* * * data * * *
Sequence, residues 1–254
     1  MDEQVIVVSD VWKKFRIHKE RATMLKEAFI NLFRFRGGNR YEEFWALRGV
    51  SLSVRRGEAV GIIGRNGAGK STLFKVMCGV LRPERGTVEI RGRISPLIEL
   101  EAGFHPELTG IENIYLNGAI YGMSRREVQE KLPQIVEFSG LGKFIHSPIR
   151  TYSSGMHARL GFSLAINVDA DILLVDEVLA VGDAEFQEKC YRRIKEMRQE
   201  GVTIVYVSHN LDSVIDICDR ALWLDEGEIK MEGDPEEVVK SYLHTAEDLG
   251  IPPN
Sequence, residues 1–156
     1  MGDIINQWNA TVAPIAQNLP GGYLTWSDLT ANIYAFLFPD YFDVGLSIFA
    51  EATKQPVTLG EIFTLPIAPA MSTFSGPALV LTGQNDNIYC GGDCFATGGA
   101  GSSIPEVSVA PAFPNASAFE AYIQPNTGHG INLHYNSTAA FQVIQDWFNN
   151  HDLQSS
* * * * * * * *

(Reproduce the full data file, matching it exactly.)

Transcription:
Sequence, residues 1–254
     1  MDEQVIVVSD VWKKFRIHKE RATMLKEAFI NLFRFRGGNR YEEFWALRGV
    51  SLSVRRGEAV GIIGRNGAGK STLFKVMCGV LRPERGTVEI RGRISPLIEL
   101  EAGFHPELTG IENIYLNGAI YGMSRREVQE KLPQIVEFSG LGKFIHSPIR
   151  TYSSGMHARL GFSLAINVDA DILLVDEVLA VGDAEFQEKC YRRIKEMRQE
   201  GVTIVYVSHN LDSVIDICDR ALWLDEGEIK MEGDPEEVVK SYLHTAEDLG
   251  IPPN
Sequence, residues 1–156
     1  MGDIINQWNA TVAPIAQNLP GGYLTWSDLT ANIYAFLFPD YFDVGLSIFA
    51  EATKQPVTLG EIFTLPIAPA MSTFSGPALV LTGQNDNIYC GGDCFATGGA
   101  GSSIPEVSVA PAFPNASAFE AYIQPNTGHG INLHYNSTAA FQVIQDWFNN
   151  HDLQSS